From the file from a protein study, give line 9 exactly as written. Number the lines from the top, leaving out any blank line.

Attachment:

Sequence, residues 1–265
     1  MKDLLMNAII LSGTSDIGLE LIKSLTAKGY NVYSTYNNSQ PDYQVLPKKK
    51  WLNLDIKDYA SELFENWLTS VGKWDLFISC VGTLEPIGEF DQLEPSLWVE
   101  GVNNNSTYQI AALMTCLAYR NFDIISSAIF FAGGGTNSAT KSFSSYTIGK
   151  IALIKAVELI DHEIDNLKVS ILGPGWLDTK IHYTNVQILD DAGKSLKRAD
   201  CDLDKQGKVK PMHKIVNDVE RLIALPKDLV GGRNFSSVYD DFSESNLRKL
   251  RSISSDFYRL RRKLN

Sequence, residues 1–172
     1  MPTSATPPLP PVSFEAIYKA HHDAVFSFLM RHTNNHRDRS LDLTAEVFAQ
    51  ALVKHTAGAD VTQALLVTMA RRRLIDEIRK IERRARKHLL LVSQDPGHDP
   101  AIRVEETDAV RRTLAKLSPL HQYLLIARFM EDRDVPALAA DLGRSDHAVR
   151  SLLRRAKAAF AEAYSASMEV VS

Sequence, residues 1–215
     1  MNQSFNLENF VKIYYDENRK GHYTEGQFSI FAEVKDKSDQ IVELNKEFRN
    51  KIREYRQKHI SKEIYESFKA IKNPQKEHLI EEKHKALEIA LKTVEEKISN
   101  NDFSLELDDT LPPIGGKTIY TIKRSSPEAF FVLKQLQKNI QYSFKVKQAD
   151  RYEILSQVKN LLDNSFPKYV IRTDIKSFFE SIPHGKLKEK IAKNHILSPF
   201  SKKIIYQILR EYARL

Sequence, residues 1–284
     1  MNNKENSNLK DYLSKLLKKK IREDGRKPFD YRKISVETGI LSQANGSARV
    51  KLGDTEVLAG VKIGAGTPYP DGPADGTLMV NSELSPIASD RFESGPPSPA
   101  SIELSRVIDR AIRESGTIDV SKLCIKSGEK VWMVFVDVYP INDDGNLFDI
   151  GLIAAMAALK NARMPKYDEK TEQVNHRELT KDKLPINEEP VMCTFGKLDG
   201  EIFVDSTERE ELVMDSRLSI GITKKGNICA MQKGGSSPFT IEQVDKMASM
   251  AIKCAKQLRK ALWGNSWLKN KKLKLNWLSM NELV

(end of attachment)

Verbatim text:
     1  MPTSATPPLP PVSFEAIYKA HHDAVFSFLM RHTNNHRDRS LDLTAEVFAQ